Logistical complexity and software costs are higher. Higher fidelity designs earlier in the acquisition cycle saves program cost and schedule, design problems and conflicts are caught early and often reduces errors and delays at handoffs between disciplines, it helps capture and re-use of multidisciplinary engineering knowledge and reduces design cycle time by 2x to 3x. It allows models at different levels of fidelity to be integrated, ensures design consistency and captures design history, prevents over-design through high fidelity view of integrated product performance, improves decision making by enabling spatial comparisons between all relevant engineering data and creates ownership for overall product success among team members

Digital Twin

Today, detailed physics simulation is used to optimize structural, fluid flow, electromagnetic, thermal, and other physical properties. However, on ground, only a few are operating under the conditions envisioned when they were designed. Until recently, the people responsible for keeping these assets running at maximum efficiency had no way to understand the effects of operational and environmental changes on asset performance. Is the machine headed for a breakdown that could cost tens of thousands of dollars per hour in lost production? Is it being run at sub-optimal conditions that will reduce its life over the long run? Are there opportunities to improve its performance by making changes to its operating conditions or upgrading its capabilities?

Technologies for engineering simulation and the Internet of Things have revolutionized asset management with a concept called the digital twin. Companies have been using sensors to collect data for many years especially for the high asset machine. However, this data is not always collected in real time, and the vast amount of data has made it difficult to extract actionable insights. The Internet of Things (IoT) makes it possible for the first time to use sensors to capture data from these assets to understand and optimize their performance instantaneously. By combining this operational data with other information on how the machine works — including maintenance records, PLM information and simulation results — together with analytics and machine learning to form an ecosystem, a fully featured model called a digital twin can be built. Using a digital twin, it is possible to diagnose complicated problems that involve interactions of multiple subsystem and factors.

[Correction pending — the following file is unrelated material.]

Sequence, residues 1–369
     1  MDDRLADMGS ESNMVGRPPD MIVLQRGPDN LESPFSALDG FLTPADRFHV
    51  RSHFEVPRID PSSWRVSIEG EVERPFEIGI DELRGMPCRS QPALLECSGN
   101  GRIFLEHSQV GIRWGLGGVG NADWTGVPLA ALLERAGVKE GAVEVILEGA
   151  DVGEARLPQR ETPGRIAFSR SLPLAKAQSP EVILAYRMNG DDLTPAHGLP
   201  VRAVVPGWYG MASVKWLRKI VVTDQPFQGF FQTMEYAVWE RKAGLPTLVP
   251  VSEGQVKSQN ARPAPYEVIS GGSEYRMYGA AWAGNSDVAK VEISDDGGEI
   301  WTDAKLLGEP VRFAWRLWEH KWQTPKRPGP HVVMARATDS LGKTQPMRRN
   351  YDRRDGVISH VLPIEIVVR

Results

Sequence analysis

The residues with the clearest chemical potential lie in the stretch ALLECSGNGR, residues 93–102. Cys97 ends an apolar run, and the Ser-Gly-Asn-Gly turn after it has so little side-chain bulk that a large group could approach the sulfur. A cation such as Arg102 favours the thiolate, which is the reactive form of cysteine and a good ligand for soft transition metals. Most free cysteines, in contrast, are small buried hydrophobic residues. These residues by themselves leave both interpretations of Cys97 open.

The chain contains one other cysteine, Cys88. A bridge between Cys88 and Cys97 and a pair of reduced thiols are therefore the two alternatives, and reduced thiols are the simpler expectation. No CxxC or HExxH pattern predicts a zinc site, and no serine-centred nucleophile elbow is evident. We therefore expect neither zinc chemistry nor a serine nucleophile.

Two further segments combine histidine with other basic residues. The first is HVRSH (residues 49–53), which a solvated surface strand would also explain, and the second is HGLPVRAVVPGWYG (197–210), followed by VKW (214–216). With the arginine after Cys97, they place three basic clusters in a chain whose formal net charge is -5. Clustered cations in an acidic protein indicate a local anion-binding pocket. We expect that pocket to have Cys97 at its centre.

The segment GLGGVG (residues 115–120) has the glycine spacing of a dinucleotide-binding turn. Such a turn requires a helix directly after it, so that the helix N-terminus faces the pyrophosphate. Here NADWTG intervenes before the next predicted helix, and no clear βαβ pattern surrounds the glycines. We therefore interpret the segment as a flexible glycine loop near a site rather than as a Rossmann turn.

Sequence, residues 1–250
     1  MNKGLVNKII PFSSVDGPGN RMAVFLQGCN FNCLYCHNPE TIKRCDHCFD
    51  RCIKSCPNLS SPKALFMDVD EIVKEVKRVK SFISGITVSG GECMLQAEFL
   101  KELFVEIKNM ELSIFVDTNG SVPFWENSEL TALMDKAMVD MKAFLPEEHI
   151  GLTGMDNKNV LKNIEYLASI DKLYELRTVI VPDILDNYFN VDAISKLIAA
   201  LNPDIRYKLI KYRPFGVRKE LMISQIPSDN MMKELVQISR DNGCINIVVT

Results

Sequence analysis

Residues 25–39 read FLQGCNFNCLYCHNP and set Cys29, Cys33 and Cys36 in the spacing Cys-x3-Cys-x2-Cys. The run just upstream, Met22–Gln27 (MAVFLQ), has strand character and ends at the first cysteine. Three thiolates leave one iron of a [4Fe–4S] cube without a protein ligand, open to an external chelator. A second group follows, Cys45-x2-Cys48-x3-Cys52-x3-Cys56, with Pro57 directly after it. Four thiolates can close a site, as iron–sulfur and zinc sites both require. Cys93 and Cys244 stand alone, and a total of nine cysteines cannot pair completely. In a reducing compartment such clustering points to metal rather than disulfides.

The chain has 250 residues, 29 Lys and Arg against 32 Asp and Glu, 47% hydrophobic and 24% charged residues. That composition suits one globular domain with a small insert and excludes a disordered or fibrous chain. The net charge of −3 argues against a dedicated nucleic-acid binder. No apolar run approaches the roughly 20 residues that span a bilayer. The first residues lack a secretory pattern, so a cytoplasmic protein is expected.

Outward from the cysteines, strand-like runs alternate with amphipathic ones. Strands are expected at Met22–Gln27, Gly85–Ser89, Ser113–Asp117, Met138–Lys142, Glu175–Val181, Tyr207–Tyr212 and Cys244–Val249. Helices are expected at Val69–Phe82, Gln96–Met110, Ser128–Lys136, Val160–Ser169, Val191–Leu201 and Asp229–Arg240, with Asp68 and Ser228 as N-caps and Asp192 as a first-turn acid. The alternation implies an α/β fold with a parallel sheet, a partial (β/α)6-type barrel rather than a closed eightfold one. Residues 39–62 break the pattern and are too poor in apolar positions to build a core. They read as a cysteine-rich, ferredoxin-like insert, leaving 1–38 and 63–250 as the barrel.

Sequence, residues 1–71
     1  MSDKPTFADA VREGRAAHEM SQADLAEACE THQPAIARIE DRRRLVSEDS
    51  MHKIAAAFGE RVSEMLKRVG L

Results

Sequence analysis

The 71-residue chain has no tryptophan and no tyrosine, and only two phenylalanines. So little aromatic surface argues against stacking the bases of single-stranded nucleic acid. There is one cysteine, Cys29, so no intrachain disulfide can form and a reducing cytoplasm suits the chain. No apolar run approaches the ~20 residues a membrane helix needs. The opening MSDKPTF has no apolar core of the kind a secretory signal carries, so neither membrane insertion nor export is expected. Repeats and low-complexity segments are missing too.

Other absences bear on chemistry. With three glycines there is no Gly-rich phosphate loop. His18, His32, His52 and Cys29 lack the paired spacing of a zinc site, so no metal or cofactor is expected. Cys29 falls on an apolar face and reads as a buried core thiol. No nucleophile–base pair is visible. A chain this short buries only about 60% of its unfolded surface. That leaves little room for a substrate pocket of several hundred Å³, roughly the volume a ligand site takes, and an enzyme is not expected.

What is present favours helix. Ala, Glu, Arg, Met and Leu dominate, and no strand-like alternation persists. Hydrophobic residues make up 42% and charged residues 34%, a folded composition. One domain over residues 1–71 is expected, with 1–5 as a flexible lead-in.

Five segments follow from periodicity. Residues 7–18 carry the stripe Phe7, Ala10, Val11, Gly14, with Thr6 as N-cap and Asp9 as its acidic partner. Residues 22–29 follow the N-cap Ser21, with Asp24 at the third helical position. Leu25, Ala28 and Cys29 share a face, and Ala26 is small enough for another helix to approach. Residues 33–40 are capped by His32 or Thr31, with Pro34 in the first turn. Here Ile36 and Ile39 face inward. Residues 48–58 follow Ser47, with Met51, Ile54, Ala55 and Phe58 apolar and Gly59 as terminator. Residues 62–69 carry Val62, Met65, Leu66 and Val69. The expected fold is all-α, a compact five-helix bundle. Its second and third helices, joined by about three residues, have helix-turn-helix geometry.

Simulation is critical to a digital twin as it supplies answers to questions like “What if we change this?” and “Why did that happen?” and “How do we improve the design?” Merging physics-based understanding with analytics delivers the insights that unlock the true value of the digital twin. Using these insights, engineers can understand the operational failure modes of the product, prevent unplanned downtime, improve product performance, and seed the next product generation.  Digital twin promises to extend the value delivered by simulation beyond product development to the entire life cycle of a product enabling it to be studied under its actual operating conditions in its unique working environment. By creating a replica of the actual product system in a digital environment, engineers can anticipate and address potential performance and maintenance issues before they occur. The real-time, real-world insights collected via these digital twins can also accelerate future design iterations, leading to continual product improvements. Simulation-based digital twins complement analytics as you can generate baseline and failure data with simulation and predictive models provide higher accuracy and improved ROI by re-using existing simulation models. In addition, the operator can perform what-if analysis to simulate different solutions before applying to the assets. To maximize the value of simulation, the smartest engineering teams apply it at every stage of the development cycle.


Engineering simulation has already demonstrated significant financial payback for companies. It has helped cut time and cost from the product development cycle, deliver quality products, and reduce service and maintenance expenses, resulting in higher customer satisfaction. The availability of compute resource power, coupled with technologies like IoT and AI/ML with focus on Model based system engineering are all leading to a new era of digital transformation. The impact of this transformation is not just a financial gain, but a reputational advantage with a system within the company where greener practices are no longer optional, and achieving carbon neutrality goals is an eventuality.


Sandeep Shetty
Technical Manager- APAC

Sandeep Shetty is the Technical Manager for APAC Enterprise accounts at ANSYS. In his current role, he focuses on Technical engagement with global Ansys Enterprise set of accounts. He has over 15 years of experience in automotive domain specially focusing on simulation driven product development. He works with customers to help them accelerate product development, process integration and continuous improvement.

Published in Telematics Wire